Image 01 Image 02 Image 03

The ethical conundrum of the Sony hack story

The ethical conundrum of the Sony hack story

…and the matter of “stolen data”

The media has created its own uproar over the Sony Hack. Business Insider has called it an “act of war,” and now Sony is trotting out its lawyers and demanding that media agencies refrain from reporting the contents of the stolen data, and delete anything they may have acquired as a result of the hack.

Of course, outlets have turned Sony’s demand into its own story, and debate over the ethics (and legality) of reporting on stolen data has gotten heated even as the initial furor over “racist” and “shocking” e-mail conversations has tapered off.

On Bloomberg’s With All Due Respect, host John Heilemann defended the newsworthyness of the hacked e-mails, taking on Aaron’s Sorkin’s position that it is “morally treasonous” for other media organizations to profit off of Sony’s misery.

Via Mediaite:

Sorkin dismissed the idea that any content found in the leaked emails was “newsworthy” and said it was “morally treasonous” for news organizations to aid the hackers by printing their content.

But Heilemann was not so sure. “There are a lot of things that have been reported that would have been considered news if they had been found in another way,” he said, citing the racially-charged conversation between Sony co-chair Amy Pascal and producer Scott Rudin about President Barack Obama as an example. Echoing Al Sharpton, Heilemann compared those “racist emails” to those made by former L.A. Clippers owner Donald Sterling and said no reporter would have ignored them if they had been leaked by internal employees at the studio.

Heilemann’s co-host Mark Halperin reluctantly sided with Sorkin, saying the source of the information has to be taken into account before it is reported. “As I’ve always said, Aaron Sorkin: voice of reason,” Halperin added sarcastically.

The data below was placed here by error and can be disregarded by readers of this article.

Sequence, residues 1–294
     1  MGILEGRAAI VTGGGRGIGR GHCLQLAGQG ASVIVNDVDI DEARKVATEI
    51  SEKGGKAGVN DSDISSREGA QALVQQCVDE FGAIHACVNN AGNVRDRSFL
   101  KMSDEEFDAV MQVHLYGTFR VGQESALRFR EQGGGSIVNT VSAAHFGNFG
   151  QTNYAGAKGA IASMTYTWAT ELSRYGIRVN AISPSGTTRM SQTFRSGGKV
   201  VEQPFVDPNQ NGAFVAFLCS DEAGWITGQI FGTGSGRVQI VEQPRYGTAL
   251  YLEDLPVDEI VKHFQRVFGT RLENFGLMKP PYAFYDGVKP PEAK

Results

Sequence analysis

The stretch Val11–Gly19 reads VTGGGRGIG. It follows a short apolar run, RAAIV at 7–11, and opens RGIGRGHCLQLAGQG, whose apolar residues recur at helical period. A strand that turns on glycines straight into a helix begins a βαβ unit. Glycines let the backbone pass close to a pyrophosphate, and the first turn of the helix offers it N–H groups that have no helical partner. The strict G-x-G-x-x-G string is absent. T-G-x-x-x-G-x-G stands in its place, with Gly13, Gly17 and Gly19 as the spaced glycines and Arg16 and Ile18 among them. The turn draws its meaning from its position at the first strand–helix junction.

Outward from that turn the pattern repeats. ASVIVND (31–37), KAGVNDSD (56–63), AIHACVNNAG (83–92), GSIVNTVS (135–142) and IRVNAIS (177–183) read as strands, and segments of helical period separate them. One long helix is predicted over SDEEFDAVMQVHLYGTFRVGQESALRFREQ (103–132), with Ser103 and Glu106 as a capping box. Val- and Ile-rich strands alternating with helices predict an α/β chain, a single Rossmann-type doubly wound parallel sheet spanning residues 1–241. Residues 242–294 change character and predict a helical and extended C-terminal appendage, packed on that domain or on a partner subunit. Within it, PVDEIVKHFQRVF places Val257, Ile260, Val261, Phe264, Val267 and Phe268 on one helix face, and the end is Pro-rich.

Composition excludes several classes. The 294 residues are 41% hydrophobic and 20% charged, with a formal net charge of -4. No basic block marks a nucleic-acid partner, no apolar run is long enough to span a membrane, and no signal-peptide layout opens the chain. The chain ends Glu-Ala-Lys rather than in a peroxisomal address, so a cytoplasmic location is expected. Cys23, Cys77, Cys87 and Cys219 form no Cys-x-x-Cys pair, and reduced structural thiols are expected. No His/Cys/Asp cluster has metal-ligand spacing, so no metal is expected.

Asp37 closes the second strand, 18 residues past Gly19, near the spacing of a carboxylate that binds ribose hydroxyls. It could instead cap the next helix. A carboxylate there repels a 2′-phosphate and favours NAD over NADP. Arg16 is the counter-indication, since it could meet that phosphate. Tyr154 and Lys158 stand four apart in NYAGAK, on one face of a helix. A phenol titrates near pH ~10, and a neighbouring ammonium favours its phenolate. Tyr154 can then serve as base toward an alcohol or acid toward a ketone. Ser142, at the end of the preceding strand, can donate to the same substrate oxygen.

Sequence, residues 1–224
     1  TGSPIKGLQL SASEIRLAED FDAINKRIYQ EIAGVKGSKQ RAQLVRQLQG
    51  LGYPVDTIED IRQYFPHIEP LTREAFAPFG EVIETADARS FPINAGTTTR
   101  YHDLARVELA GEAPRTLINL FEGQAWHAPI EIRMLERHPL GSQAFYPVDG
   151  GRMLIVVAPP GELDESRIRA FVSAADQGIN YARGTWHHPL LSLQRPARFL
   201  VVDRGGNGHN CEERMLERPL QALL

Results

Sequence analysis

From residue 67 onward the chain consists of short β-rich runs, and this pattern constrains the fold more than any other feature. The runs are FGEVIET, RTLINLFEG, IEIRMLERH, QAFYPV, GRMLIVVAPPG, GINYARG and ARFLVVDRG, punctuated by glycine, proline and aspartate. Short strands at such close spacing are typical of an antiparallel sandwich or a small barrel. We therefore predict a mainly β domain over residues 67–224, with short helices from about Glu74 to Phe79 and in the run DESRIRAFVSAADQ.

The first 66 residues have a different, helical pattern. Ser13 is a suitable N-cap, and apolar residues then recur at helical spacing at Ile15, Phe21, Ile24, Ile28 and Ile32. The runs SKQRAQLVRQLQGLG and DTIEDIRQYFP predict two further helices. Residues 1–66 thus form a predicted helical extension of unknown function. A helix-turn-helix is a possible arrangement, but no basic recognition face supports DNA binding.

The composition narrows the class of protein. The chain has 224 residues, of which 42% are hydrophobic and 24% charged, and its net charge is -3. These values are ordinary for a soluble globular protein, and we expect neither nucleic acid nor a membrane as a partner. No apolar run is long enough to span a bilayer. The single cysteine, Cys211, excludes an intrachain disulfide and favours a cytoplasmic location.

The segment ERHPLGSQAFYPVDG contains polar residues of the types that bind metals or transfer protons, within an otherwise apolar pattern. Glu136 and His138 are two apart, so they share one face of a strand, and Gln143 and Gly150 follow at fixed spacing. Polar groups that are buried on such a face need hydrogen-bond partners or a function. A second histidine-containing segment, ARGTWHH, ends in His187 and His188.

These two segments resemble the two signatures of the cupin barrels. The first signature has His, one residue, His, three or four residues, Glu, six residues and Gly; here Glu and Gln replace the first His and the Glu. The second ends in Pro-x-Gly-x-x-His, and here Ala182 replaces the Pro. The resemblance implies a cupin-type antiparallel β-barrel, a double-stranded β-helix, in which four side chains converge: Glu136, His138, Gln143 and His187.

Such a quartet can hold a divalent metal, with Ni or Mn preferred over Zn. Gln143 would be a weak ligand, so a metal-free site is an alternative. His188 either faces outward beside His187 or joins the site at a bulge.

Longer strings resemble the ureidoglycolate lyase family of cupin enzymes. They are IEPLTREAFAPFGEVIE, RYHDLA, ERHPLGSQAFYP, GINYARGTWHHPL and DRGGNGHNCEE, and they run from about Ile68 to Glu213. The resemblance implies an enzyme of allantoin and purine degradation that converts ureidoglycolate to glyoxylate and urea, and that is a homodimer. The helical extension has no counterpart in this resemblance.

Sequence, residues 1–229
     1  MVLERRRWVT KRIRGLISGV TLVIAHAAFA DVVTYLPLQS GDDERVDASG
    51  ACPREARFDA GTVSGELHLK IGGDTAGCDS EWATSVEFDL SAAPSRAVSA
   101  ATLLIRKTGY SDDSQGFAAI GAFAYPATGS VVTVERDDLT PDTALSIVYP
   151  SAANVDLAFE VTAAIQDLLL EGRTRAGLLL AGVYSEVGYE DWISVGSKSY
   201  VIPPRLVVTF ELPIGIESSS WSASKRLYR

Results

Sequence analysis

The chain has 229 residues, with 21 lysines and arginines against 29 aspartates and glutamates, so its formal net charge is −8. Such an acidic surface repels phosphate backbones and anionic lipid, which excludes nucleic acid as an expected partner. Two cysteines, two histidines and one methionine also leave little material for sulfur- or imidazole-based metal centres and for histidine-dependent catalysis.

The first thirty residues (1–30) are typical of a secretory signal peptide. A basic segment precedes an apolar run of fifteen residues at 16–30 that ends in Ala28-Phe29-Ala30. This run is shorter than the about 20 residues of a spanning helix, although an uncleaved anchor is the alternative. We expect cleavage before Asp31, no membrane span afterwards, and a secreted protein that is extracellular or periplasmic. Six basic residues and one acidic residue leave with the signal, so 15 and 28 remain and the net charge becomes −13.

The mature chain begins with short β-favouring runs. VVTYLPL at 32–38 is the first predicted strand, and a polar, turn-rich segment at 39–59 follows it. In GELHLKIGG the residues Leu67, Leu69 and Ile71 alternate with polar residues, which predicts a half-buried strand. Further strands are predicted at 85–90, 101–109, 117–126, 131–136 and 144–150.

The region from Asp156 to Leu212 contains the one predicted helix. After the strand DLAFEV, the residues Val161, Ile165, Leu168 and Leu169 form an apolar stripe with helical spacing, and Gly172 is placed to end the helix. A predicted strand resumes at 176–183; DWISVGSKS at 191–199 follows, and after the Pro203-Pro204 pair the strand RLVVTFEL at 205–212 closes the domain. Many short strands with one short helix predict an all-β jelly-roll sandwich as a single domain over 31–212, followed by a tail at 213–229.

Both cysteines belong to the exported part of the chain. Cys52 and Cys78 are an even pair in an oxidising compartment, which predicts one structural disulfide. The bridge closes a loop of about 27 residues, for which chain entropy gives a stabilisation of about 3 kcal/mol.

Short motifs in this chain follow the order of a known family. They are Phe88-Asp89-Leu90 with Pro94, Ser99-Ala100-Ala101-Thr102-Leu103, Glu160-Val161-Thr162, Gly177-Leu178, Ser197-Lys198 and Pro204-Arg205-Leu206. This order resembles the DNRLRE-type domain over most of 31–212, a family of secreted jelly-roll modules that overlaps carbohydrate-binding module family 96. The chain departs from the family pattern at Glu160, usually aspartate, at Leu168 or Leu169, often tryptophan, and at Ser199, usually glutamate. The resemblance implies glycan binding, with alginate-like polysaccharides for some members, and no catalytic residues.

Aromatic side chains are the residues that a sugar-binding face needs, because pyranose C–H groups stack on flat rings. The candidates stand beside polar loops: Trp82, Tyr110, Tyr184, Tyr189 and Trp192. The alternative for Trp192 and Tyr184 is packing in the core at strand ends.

I’ll leave it to the comments: is this stuff newsworthy? Or should there exist honor amongst those attention thieves who run highly competitive entertainment companies?


Donations tax deductible
to the full extent allowed by law.



“I’ll leave it to the comments: is this stuff newsworthy? Or should there exist honor amongst those attention thieves who run highly competitive entertainment companies?”

Not worthy of Legal Insurrection, Amy. WAY too much hyperbole, and too little logic.

First, OF COURSE it is newsworthy. That is NOT in question.

Second, if it’s wrong, it makes no difference who has been done wrong. “…attention thieves”…???

And here, it is wrong…a major act of organized crime…to rip open the private data of any enterprise.

This is intellectual property, much of it. Would you have any question if the data were unique research and invention that gave a company a clear competitive advantage?

I hope not.

The fact it was stolen is newsworthy. But actually reviewing films based on their leaked versions – which I have seen already – is essentially making the following argument: someone stole it from you, so you don’t own the property anymore. That’s not a winning argument, morally or legally.

The private emails are an issue… But does anyone think these same folks would be circumspect about publishing or publicizing the juicy emails of any politician or figure-of-interest?

Sarah Palin’s emails were widely published on the net after her account was hacked.

Does anybody think they’d would hold back on some damning emails of George Zimmerman’s, regardless of how they were acquired? How about Darren Wilson? These Hollywood/media types live for digging dirt on people, and raking the muck.

Maybe I’m just a bad person, but my sympathy meter really isn’t moving that much.

    MattMusson in reply to Bones. | December 16, 2014 at 9:05 am

    There is no such thing as a private email.

    Employers are reading them. Advertizers are reading them. The NSA is reading them.

I thought the precedent was set when moralists in hollywood and elsewhere fanned the flames of condemnation when private conversations of LA Clipper’s owner Donald Sterling were publicized. My view was that each of the indignant critics were effectively consenting to all of their private communications being fair game for PC scrutiny.

Come on Sony. I thought you guys were smarter than this.

Attempting to censor or remove something that is on the internet is known as the Streisand Effect. So named because Barbara Streisand made a huge deal about a photo of her house being on the internet and basically demanded it be removed and started suing people.

Naturally, this only caused people to want to know what the fuss was about and find the image.

Once something is on the internet IT IS THERE FOREVER.

Sony needs to accept that and get out in front of this thing.

Bones, Olinser, Mark…

These are VERY different circumstances.

This was a pure theft, not the release of very embarrassing information by one party to the exchange, as with Sterling.

There is a rule in intellectual property that REQUIRES that you defend it aggressively or you just lose it. Sony HAS to censor dissemination of this information. PLUS, if you republish a defamatory statement, YOU are liable, too. If you republish stolen information, that could stand as a principle of law against you, as well.

Are YOU as good as people who publish stolen data, or are you BETTER?